and other stuff
I cannot pin down precisely the age of this soda, as I have not done any research on it. However, looking at the lettering font style of the base my guess is that this would have been a product of P.G.W. during the years that James Bennett, Robert Pattridge and John Taylor were the owners; which would put it 1870 to 1874.
Here is an email from Kentucky Gem....Alma, California Alma is a ghost town in Santa Clara County in California, United States. It lies beneath the waters of the Lexington Reservoir above Los Gatos. There are two different possible origins for the name of the town. The first is that the town was the location of a branch road that led to the New Almaden mine. The second, and more fanciful, origin is that the town was named after a local prostitute. The original town name registered with the Postal Service in 1861 was Lexington. It was re-registered as Alma in 1873. The town was mostly demolished when the James J. Lenihan Dam was constructed there in 1952. Alma, at the time, had a population of less than 100 people. The town was an important rail stop for the logging industry in the Santa Cruz Mountains as well as a stop for vacationers heading to the coast from the Santa Clara Valley. Alma had a stage stop, hotel, saloons, small agricultural operations, general merchandise store, and lumber mills, as well as other establishments. A narrow gauge railroad served Alma from 1880 to 1940. Just north of Alma was the town of Lexington, which had greatly declined by the time that dam and reservoir were constructed. The next stop south on the railroad was Wrights, also known as Wrights Station or Wright's Station. Some foundational structures are only visible when the water levels drop in the reservoir, and some old roads and a bridge dating from 1926. The bridge can only be viewed when the water level is unusually low, such as the summer of 2008 when construction on the dam lowered the water level to 7% capacity. Modern day State Route 17 passes by the reservoir—beneath which lie the former towns of Lexington and Alma. My grandfather worked on the S.P. railroad and lived in another small town called Wrights, towards Santa Cruz, in the early teens. I recall him talking about Alma. According to him, it was important because it was a shipping point for the most of the tan bark that was used by the tanneries in S.F. There was also a failed venture with a soda springs that tried to cash in on the popularity of Azule, Sages and Pacific Congress Springs located a few miles to the NW. Odds are, this is the bottle that was made for them. I've never seen one in all the years that I pawed around the area. Hope this helps.Thanks K.G.!!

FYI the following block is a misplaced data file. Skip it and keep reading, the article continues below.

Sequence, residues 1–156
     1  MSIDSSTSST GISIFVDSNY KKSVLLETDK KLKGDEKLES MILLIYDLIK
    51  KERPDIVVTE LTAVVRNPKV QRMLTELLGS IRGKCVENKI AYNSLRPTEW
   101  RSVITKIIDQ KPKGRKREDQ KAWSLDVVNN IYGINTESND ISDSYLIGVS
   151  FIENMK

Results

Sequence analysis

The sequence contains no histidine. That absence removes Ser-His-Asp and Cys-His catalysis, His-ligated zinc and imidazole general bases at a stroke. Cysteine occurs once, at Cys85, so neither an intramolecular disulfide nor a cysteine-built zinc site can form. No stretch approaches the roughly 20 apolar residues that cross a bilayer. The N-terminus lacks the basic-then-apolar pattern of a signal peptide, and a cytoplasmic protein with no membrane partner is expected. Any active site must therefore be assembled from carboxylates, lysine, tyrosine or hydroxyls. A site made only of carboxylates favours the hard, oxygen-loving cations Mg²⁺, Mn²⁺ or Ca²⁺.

I hear there are two examples of the Alma soda known so far. Both found well away from Alma, California. Alma was never big enough to support a soda works in my opinion. Perhaps it was a bottling/distribution point for another larger firm's soda water? For special mold bottles to have been ordered and blown is baffling for such a small concern.
Based on the information that I've got in ca. 1870's and 80's diaries and almanac's; "Tollgate" (later McCartysville and later yet, Saratoga) had approximately the same resident population as Alma did during the same time period. Considering the expense of having the Azule and "running deer' Pacific Congress Water picture molds cut, it's not beyond reason to allow that the simple mold for the Misenheimer and Hall / Alma Soda was commissioned for this small endeavor in an equally small town. Further more, there are no other documented settlements, either in Nevada or California, by the name of Alma. That being said, it is quite probable that the bottles blown for Alma Soda date to the ca. 1873 - 1874, window suggested by Warren and the P.G.W. for the Soda Works at Alma / Lexington, Ca.
My guess would be that the soda is indeed from the Alma in Santa Clara County, where the supplying spring was. The town name embossed is in reference to the Spring source/location, not the intended market location, ie: all the "Napa's" we dig throughout the West. I've learned from digging over the yrs, that when it comes to digging rare small town sodas, the best place NOT to dig them is in the town they are from. Most were returned for deposit. Places far away, where there was an agent stocking the brand in his locale, and having only made a one way trip,are where rare bottles like these seem to have survived for the digger to uncover !AP
Considering that Misenheimer "missed the mark" when purchasing land that he thought the spring was on, only to find that it was actually located some 250 yds outside his PL, it is my contention that he did not ever actually fill or sell any of the bottles with his and Hall's name embossed on them. Most of the bottles(6?) found to date have come from NV, or mystery locations far from the tiny crossroads from whence they came. It might be fair to suppose that after the failed venture the bottles were sold to other dealers and simply relabeled and used for their products. The reuse of bottles was commonplace at the time, so why not the Alma Soda.
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